“The company will pay any reasonable professional (including, without limitation, legal and accounting) costs and expenses properly incurred by the employee after the date of this agreement which arise from his having to defend, or appear in any administrative, regulatory, judicial or quasi-judicial proceedings by a third party as
a result of his having been chief executive of Rangers Football Club or the company.”
There has been no end of speculation, on social media, in regard to Green’s charges. I have consistently pointed out in three previous blogs, that Rangers/RIFC will be liable for the costs of Green’s defence. Rangers will not be able to hedge their costs with an insurer. No insurance policy will indemnify against criminal charges. The writ has been served, RIFC have responded in writing to the clerks at The Court of Session that they will respond to Green’s petition, and in these circumstances I would anticipate no more than a one-day hearing, with a decision on the same day. This hearing will be listed some time next week or the following week (5-9 October or 12-15 October) prior to the preliminary hearing at Glasgow High Court on October 16.
The QC that RIFC will instruct will make the case that Green engaged in an elaborate criminal enterprise, and that the costs of his defence are an annex of this enterprise. This defence will not be compelling. Green’s defence will almost certainly be on Rangers’ dollar.
The charges against Green are now in the public domain. The writ specifies the instruction of junior and senior counsel.
Junior counsel charge circa £1350 per day, plus VAT, to attend court. A fee of £600 + VAT per hour to take meetings with clients and instructing solicitors, is the norm. Over the course of a legal year (ten months) I would expect no less than £390,000 in fees.
I have touched on senior counsel in a previous blog. £3,500 per day would be the minimum, but costs of £10,000 per day are not uncommon. Note that Green’s compromise agreement includes the term ‘without limitation.’ This will be vigorously challenged in the Court of Session as the QC acting for RIFC will do his utmost to cap costs. I do not expect this challenge to be successful. Entry level for a ‘silk’ will be £840,000 inclusive of VAT. Instruction costs of £106,000 will take the annual total to £946,000. Should Green elect to engage a silk at £10,000 per day, costs including VAT will be £2.4m per annum with instruction costs of a further £106,000 as a minimum.
Then there are the costs of the instructing solicitors. I would expect a senior partner, junior partner and paralegal as a minimum at a cost £1200 per billable hour (inc VAT). Two thousand billable hours per annum could run to £2.4m
In my considered opinion, Green’s litigation costs, per annum, will be circa £3.74m – £5.3m. This year’s season ticket receipts (after VAT) are £7.3m. Green’ costs represent between 51.2% to 72.6% of our major source of income. Supporting Rangers for the next 3-7 years will result in 51.2p to 72.6p of our blue pound going directly to Green’s defence team.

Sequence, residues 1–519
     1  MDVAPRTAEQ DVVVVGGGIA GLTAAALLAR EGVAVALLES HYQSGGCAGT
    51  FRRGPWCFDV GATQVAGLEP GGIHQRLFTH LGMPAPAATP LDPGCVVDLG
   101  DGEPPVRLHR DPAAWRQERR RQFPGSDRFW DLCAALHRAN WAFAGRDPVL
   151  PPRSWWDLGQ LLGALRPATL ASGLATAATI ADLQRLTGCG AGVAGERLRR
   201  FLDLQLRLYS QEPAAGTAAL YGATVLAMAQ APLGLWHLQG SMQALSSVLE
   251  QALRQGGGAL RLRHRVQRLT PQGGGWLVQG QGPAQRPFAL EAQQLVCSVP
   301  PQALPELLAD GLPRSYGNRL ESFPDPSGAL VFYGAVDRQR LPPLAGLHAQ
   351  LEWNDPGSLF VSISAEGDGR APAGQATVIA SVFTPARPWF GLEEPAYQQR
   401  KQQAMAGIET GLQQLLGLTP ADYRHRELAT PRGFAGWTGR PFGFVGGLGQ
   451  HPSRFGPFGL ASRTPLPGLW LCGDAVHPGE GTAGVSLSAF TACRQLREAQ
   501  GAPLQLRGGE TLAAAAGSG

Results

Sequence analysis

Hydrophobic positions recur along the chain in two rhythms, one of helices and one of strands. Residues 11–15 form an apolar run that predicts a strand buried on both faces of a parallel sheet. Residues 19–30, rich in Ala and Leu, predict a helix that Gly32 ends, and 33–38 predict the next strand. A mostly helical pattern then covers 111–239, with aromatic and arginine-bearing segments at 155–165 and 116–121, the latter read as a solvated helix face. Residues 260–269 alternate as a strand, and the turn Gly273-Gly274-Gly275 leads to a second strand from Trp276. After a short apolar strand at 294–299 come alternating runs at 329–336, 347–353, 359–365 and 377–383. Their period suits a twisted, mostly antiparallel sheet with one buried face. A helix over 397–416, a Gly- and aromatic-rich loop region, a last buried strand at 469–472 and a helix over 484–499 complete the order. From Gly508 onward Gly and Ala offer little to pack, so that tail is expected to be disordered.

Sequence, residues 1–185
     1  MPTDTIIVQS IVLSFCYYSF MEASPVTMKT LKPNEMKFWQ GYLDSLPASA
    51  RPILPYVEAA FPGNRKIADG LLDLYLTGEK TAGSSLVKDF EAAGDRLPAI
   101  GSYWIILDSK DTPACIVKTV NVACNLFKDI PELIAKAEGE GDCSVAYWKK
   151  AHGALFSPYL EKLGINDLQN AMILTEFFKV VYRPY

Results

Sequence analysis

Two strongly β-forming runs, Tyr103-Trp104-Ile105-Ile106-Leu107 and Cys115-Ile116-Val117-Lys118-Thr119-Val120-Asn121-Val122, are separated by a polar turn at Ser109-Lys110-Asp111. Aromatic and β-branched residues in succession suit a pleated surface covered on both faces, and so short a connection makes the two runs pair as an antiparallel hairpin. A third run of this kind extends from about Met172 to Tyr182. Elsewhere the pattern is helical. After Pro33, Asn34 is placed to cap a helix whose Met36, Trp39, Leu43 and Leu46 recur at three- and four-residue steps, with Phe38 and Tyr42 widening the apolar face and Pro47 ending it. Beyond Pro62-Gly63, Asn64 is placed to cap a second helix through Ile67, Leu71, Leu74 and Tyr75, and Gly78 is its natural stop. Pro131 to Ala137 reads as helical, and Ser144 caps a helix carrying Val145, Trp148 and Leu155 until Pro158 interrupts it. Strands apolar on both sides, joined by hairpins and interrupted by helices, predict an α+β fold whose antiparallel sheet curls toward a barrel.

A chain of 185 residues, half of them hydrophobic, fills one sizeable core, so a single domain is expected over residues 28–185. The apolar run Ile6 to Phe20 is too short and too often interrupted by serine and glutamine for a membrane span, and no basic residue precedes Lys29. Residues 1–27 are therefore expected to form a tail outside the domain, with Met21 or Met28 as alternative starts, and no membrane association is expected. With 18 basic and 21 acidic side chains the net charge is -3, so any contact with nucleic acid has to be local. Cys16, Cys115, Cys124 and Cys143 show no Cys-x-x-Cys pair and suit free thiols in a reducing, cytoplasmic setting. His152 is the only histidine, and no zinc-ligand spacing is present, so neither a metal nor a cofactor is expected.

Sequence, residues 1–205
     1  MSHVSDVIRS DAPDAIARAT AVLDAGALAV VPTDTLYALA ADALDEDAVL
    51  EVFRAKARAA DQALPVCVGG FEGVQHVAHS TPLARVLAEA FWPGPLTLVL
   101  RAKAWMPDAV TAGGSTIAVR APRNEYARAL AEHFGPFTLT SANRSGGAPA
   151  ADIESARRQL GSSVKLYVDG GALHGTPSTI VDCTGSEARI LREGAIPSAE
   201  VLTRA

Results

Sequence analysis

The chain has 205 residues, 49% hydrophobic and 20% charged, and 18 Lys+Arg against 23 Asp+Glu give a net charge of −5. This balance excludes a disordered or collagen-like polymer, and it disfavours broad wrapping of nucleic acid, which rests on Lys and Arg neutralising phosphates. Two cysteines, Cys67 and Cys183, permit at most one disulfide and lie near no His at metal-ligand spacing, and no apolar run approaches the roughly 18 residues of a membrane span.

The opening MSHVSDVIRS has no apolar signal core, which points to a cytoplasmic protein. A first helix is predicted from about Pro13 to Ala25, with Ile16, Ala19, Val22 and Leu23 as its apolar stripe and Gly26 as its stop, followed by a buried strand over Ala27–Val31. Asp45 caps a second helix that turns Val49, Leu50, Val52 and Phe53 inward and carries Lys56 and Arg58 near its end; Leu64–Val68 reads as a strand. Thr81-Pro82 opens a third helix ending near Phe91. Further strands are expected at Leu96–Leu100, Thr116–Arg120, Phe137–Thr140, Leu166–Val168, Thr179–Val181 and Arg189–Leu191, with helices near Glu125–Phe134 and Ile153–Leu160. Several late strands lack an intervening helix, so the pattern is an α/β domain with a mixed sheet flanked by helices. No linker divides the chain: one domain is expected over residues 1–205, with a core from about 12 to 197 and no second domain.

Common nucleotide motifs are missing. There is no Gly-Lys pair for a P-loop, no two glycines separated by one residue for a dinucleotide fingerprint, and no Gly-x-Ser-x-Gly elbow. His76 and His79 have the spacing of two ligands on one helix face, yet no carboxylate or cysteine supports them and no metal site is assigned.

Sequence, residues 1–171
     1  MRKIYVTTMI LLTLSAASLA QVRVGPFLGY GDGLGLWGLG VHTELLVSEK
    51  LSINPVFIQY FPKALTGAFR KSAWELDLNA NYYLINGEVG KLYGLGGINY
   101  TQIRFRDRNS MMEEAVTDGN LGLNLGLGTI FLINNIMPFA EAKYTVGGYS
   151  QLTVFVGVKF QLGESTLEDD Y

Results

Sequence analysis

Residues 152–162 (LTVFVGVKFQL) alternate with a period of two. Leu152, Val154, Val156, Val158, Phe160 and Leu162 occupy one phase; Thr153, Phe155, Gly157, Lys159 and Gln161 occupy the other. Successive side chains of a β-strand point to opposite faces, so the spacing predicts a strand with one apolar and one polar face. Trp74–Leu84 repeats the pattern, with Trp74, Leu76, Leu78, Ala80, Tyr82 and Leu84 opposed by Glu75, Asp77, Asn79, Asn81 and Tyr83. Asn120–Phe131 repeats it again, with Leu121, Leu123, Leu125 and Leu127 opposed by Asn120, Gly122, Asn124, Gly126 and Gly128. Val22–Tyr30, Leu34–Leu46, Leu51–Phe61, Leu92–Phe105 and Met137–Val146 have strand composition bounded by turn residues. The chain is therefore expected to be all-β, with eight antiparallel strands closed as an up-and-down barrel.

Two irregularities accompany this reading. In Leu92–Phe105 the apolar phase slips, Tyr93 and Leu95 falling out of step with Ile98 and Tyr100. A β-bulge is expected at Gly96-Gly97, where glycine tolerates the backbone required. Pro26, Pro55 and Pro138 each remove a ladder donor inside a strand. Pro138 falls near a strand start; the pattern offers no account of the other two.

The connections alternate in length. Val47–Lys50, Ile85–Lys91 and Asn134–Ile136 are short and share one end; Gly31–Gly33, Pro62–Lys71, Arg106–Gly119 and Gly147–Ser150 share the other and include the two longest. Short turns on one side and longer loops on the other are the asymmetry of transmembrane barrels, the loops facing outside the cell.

For those who believe my costs are excessive, I would advise that they don’t include any expert or other witnesses that may be called by Green’s team. The charges extend to 20 pages of narrative. Whyte’s defence runs to 100,000 pages of narrative. There could be in excess of 250 witnesses, Each defendant will be cross examined by QC acting for the other 5 defendants. The Police Scotland case runs to 1,000 prima facie documents. The proceedings are likely to be the most high-profile criminal trial held in Scotland in recent years. My upper estimate of seven years may be ambitious.
Green/Sevco Scotland is accused of conducting a fraudulent initial pubic offering by which £22m was raised. Green/Sevco Scotland is further accused of fraudulently obtaining assets, from the IPO, and from administrators Duff & Phelps, to his/Sevco Scotland’s pecuniary advantage of many millions of pounds. He/Sevco Scotland is charged with acquiring equity capital in RIFC by fraudulent means. He is also charged with engaging in a conspiracy to commit fraudulent acts and transgressions relating to the Companies Act of 2006. Issuing a prospectus, listing assets that were obtained by fraudulent means, is an offence.
Imran Ahmad will be tried in absentia. If he remains in Pakistan, or chooses to shop in Dubai or lie on a beach in The Dominican Republic, he cannot be extradited. Ahmad could visit the majority of the Gulf states, Russia and China and remain untouched.
It’s important to stress that Green only spent £2m when buying Ibrox/Auchenhowie and the brand names/crests. £3.5m was raised from creditors by Duff & Phelps. Green then sold these assets to RIFC for equity capital. He then sold this equity capital.
If convicted. the custodial sentence will, in my opinion, carry a tariff of up to 30 years (Fraud Act of 2006 permits a maximum of 10 years per offence). If the sentences were concurrent, as opposed to consecutive, a convicted defendant would be sent down for ten years.
There is also the not insignificant matter of court costs. If convicted, these may be apportioned to the defendants.
I cannot over-emphasise the impact on Rangers finances. The fate of RIFC as a going concern is predicated on the decision of a law Lord at The Court of Session.